On Thursday 11 February, Revd David Gamble, President of Methodist Conference, addressed the General Synod of the Church of England. The impact of his speech certainly brought the Methodist Church to the attention of the media, even to the extent of an interview with John Humphreys on BBC Radio 4's Today programme!
The passage in his speech which sparked the controversy was this one:
Methodists approach the Covenant with the Church of England in the spirituality of that [Wesleyan] Covenant prayer. So when we say to God “let me have all things let me have nothing”, we say it by extension to our partners in the Church of England as well. We are prepared to go out of existence not because we are declining or failing in mission, but for the sake of mission. In other words we are prepared to be changed and even to cease having a separate existence as a Church if that will serve the needs of the Kingdom.
To get some measure of the media response, I recommend a post by Peter Phillips, Reflecting on metropolitan ecumenism and grassroots mission . Follow the links from this post and others around it, and you will find a number of blogs about the speech.
These comments seem to fall into three categories:
- Those who welcome the emphasis on the priority of mission for the Methodist Church.
- Those who question the possibility of Methodism going out of existence and consider the obstacles to unity with the Church of England.
- Those who question the commitment of the Church of England to unity with the Methodist Church.
So, what do I think?
It is worth considering the sentence which immediately follows the above quotation:
Are we willing to take our covenant that seriously? It’s quite a challenge – for both of our churches.
The 'we' is addressed to the General Synod and is really the point he is making. How do we take the Anglican Methodist Covenant more seriously?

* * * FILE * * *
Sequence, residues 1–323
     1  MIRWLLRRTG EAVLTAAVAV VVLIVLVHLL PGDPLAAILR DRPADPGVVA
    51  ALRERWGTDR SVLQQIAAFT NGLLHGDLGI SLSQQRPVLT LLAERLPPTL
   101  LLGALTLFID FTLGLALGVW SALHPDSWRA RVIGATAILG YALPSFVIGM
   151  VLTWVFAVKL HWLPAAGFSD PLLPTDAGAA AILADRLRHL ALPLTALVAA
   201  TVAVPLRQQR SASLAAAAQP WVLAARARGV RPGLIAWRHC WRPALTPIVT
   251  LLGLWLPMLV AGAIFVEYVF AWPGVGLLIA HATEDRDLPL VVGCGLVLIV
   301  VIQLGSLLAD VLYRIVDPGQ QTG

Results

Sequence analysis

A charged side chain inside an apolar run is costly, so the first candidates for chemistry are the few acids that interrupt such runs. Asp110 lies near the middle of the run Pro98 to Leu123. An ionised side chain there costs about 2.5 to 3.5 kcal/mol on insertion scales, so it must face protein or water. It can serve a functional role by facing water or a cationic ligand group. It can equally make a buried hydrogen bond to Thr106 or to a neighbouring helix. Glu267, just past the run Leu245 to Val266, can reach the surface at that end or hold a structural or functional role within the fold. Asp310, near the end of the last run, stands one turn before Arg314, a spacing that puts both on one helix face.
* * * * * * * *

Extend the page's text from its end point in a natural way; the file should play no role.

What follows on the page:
I do not take too seriously the idea the Methodist Church might go out of existence. There are many Methodist Churches all over the world. They exist as a result of the Methodist commitment to mission. In some countries, the Methodist Church has joined a United or Uniting Church and they are still recognised as Methodist by the World Methodist Council. They have members who consider themselves as Methodists or subscribe to Methodist doctrinal emphases.
It is unfortunate so much attention has been given to the possibility of British Methodism going out of existence, for two reasons:
- Those Methodist Churches that have joined United or Uniting Churches have not gone out of existence. Just as Wesleyan and Primitive traditions are a part of modern Methodism in Britain, so any new church would be Methodist as well as Anglican.
- In the light of the history of the English Covenant to 1982, it is difficult to imagine a sequence of steps that would lead to a United or Uniting Church in Britain.
David Gamble's purpose was to challenge General Synod (and indeed the Methodist Church) to take the Covenant seriously, not to lead the Methodist Church into some sort of suicide pact.
Some commentators have suggested a better approach than top down unity would be for local churches to decide their futures together, for the sake of mission. I agree this has to be a better way, allowing each church or circuit to move at its own pace. To do this we need interchangeability of ministry. The lack of interchangeability is a significant barrier to local unity and it is an immediate goal of the Anglican Methodist Covenant . It is a challenging goal, because the Methodist Church would need to accept Bishops and the Church of England would need to accept women Bishops and resolve some of their outstanding issues about women in ministry generally. Methodists need to view this with a degree of humility, for the signs are the Church of England will resolve their issues before the Methodist Church tackles Methodist Bishops.
This is a first step and it is a daunting step. It is also a credible step, by which I mean it is possible and would be a significant, indeed essential, step towards facilitating local unity. However, the paradox is it may also be a step away from visible unity. Interchangeability of ministry does not mean the two churches would be united, just that they will recognise each other's ministries. If this were to be achieved it would change the ecumenical landscape, especially locally. It is possible this will be sufficient and the churches will find there is no need to move closer to visible unity.
It is difficult to predict what will happen until we experience the impact of interchangeability. The problem is to do with the way we pursue unity and I'll unpick this further in my next post.